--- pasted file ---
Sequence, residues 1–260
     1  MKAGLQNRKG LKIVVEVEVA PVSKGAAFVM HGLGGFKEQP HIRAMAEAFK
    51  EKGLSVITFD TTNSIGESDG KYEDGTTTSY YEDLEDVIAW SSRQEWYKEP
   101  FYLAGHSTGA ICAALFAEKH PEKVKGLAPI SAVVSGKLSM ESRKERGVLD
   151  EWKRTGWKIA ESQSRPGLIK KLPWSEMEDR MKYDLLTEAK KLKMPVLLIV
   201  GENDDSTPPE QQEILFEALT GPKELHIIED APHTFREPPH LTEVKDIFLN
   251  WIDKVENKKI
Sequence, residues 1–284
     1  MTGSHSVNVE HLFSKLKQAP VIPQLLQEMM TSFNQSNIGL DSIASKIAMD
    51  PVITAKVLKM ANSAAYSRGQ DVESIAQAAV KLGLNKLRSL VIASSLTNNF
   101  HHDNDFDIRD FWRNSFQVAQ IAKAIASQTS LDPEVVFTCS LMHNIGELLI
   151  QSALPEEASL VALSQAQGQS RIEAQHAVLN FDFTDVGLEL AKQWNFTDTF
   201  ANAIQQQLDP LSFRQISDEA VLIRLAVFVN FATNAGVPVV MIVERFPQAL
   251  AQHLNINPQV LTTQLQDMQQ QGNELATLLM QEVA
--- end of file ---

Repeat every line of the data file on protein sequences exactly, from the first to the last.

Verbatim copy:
Sequence, residues 1–260
     1  MKAGLQNRKG LKIVVEVEVA PVSKGAAFVM HGLGGFKEQP HIRAMAEAFK
    51  EKGLSVITFD TTNSIGESDG KYEDGTTTSY YEDLEDVIAW SSRQEWYKEP
   101  FYLAGHSTGA ICAALFAEKH PEKVKGLAPI SAVVSGKLSM ESRKERGVLD
   151  EWKRTGWKIA ESQSRPGLIK KLPWSEMEDR MKYDLLTEAK KLKMPVLLIV
   201  GENDDSTPPE QQEILFEALT GPKELHIIED APHTFREPPH LTEVKDIFLN
   251  WIDKVENKKI
Sequence, residues 1–284
     1  MTGSHSVNVE HLFSKLKQAP VIPQLLQEMM TSFNQSNIGL DSIASKIAMD
    51  PVITAKVLKM ANSAAYSRGQ DVESIAQAAV KLGLNKLRSL VIASSLTNNF
   101  HHDNDFDIRD FWRNSFQVAQ IAKAIASQTS LDPEVVFTCS LMHNIGELLI
   151  QSALPEEASL VALSQAQGQS RIEAQHAVLN FDFTDVGLEL AKQWNFTDTF
   201  ANAIQQQLDP LSFRQISDEA VLIRLAVFVN FATNAGVPVV MIVERFPQAL
   251  AQHLNINPQV LTTQLQDMQQ QGNELATLLM QEVA